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Wednesday, May 28, 2014

Rap Analysis - 10 Unique Rap Voices

Every talented rapper has an extremely recognizable and unique voice. Earl Sweatshirt could never be confused with Kendrick Lamar, or Joey Bada$ could never be confused with MGK. It is even those qualities, difficult to describe, that make people hear Notorious B.I.G. as a classic mafioso rapper, or Jay-Z as a celebrity that’s bigger than rap. Pretty much every rapper who gets popular has a really unique delivery, but some stand out more than others. Now, when the word “unique” is used, it doesn’t always mean “best,” as is the case here. If you look over this list of emcees, you’ll notice that few of them have blown up as solo rappers on the level of someone like Jay-Z, besides Snoop Dogg. That’s because as soon as a rapper reaches that high level of success, he spawns a legion of imitators who try and copy his style, including his delivery, which covers the way a rapper says his words in terms of pronunciation and pitch. But these emcees below have consistently stood out for their deliveries that haven’t quite been replicated exactly anywhere else.

1. Snoop Dogg

Quintessential Song: “Lodi Dodi”

One of the most unexpected things on this list is that the quintessential Snoop Dogg song is in fact a re-mix of a song that had already been made by someone else, Slick Rick’s “La Di Da Di.” The fact that each song still comes off as different from the other just goes to prove how unique these two rappers are, as well as how much delivery matters in the style of a rapper. While Slick Rick delivers the same words in a more straightforward, punchy manner, Snoop Dogg’s delivery is lazy, with a slurring together of all the words. It is not a staccato delivery where all of the syllables are separated from each other, such as for our one our next men, RZA. Meanwhile, the story of a hazy summer day and a slow tempo G-funk beat fit Snoop Dogg’s relaxed style perfectly on “Lodi Dodi.” Snoop Dogg sounds almost tired. It’s as if at the moment of the song’s recording he’s living the story he’s rapping about, having just gotten out of bed at the start of it: “I woke up around ten o’clock in the morning / I gave myself a stretch and morning yawning.” For our next entry, we’ll explore more specifically what separates Slick Rick from Snoop Dogg, besides 2 coasts.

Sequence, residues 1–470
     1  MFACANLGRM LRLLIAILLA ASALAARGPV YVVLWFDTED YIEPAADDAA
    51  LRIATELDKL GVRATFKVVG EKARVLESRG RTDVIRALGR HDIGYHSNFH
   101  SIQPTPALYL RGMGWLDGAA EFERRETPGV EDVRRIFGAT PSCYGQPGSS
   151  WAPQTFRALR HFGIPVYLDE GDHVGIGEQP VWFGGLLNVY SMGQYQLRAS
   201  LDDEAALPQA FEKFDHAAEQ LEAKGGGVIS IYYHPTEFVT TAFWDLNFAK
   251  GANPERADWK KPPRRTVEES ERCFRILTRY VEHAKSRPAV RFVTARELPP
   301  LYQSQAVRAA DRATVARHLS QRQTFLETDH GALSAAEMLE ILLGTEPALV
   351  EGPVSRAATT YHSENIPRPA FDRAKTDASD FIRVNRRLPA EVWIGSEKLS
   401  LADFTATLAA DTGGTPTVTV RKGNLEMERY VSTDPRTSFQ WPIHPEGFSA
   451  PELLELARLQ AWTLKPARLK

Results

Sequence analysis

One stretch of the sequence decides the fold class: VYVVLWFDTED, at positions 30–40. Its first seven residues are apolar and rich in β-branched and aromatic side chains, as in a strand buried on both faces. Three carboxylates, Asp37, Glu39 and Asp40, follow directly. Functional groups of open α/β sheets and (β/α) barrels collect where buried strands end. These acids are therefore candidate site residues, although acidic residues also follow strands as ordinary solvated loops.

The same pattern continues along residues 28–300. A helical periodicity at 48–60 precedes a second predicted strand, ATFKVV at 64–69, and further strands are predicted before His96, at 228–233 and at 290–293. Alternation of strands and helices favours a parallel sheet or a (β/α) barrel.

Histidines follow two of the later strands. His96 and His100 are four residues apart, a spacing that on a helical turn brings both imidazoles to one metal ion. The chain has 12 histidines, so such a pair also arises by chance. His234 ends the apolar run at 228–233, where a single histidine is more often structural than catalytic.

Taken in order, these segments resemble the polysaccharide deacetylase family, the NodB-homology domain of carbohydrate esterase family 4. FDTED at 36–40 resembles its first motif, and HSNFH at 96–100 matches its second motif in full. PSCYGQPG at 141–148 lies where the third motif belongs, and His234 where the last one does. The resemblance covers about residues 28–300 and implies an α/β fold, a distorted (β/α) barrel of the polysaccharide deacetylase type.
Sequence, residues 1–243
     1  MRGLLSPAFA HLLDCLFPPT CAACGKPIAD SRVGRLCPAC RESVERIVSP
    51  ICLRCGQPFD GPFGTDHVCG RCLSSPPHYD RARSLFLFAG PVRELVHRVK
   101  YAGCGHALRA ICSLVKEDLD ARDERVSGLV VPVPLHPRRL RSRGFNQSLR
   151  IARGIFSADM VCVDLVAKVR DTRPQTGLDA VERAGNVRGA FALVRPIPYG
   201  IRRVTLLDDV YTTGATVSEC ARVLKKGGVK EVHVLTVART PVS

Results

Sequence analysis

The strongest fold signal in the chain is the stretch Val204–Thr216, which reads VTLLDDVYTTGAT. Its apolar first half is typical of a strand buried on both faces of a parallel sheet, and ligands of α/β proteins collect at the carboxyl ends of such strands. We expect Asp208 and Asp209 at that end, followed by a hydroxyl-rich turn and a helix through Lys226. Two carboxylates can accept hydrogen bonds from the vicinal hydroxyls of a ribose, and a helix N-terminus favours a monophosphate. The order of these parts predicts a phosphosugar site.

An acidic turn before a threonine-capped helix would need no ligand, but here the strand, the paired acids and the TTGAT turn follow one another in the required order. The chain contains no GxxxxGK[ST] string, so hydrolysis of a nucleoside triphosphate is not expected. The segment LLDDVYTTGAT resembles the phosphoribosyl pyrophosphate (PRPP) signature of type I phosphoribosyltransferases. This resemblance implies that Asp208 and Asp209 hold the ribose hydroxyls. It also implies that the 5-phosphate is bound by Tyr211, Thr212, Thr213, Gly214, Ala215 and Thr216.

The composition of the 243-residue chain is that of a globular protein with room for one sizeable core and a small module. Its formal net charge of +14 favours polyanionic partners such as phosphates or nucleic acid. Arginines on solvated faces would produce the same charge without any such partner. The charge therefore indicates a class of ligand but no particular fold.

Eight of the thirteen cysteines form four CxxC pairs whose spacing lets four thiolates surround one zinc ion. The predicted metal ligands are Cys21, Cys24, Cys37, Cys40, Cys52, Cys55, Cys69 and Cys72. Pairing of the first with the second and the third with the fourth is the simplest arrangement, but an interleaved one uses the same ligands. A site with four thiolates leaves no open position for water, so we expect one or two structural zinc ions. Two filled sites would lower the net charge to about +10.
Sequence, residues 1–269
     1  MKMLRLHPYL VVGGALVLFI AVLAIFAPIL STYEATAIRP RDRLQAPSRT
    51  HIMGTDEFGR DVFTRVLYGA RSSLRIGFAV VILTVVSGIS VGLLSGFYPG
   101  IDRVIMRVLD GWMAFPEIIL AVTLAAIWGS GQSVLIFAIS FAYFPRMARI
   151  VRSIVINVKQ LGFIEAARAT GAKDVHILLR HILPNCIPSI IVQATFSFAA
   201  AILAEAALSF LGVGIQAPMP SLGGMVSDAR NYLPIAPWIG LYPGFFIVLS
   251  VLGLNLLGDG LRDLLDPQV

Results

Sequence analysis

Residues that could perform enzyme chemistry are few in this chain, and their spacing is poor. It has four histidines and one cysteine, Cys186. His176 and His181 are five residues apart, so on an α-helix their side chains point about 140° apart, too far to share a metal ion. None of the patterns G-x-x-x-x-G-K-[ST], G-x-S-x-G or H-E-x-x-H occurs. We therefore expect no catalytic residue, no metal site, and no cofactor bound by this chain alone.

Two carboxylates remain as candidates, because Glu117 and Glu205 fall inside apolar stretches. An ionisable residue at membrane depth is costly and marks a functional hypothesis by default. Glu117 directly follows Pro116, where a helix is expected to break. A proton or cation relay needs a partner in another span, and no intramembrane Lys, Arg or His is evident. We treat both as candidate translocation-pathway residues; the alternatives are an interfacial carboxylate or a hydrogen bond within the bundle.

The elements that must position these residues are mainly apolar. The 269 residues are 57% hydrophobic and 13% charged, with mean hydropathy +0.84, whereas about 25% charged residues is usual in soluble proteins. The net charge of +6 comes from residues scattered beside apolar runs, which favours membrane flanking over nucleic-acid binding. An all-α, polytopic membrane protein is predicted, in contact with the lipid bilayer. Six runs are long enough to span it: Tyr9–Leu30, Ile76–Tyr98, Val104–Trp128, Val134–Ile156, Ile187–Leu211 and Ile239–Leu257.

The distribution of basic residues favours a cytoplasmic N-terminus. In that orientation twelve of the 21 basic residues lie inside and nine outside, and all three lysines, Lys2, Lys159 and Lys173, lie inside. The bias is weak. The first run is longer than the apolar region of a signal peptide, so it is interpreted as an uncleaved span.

2. Slick Rick

Quintessential Song: “Children’s Story